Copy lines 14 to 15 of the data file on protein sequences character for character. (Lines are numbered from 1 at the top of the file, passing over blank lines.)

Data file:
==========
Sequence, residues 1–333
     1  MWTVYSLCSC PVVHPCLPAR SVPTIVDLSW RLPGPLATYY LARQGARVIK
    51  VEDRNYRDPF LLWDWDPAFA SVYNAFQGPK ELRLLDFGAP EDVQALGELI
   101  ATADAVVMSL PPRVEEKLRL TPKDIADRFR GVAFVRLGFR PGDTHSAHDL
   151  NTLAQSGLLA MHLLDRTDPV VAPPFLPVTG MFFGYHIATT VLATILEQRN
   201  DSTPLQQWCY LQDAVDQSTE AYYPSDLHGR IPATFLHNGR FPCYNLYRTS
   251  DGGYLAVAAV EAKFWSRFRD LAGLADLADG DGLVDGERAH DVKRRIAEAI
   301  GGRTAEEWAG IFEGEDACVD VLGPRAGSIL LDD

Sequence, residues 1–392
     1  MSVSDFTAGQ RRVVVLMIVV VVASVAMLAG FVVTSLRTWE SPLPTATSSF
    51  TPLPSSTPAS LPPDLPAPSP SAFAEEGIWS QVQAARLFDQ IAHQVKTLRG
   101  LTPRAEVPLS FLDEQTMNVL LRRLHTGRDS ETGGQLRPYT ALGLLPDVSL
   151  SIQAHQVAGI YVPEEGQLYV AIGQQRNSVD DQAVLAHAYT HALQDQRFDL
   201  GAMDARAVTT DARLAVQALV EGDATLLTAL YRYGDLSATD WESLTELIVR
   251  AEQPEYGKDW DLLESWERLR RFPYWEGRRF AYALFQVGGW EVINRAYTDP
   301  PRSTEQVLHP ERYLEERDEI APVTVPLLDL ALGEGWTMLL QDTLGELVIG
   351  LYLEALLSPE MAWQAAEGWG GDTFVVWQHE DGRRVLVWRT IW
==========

   201  GAMDARAVTT DARLAVQALV EGDATLLTAL YRYGDLSATD WESLTELIVR
   251  AEQPEYGKDW DLLESWERLR RFPYWEGRRF AYALFQVGGW EVINRAYTDP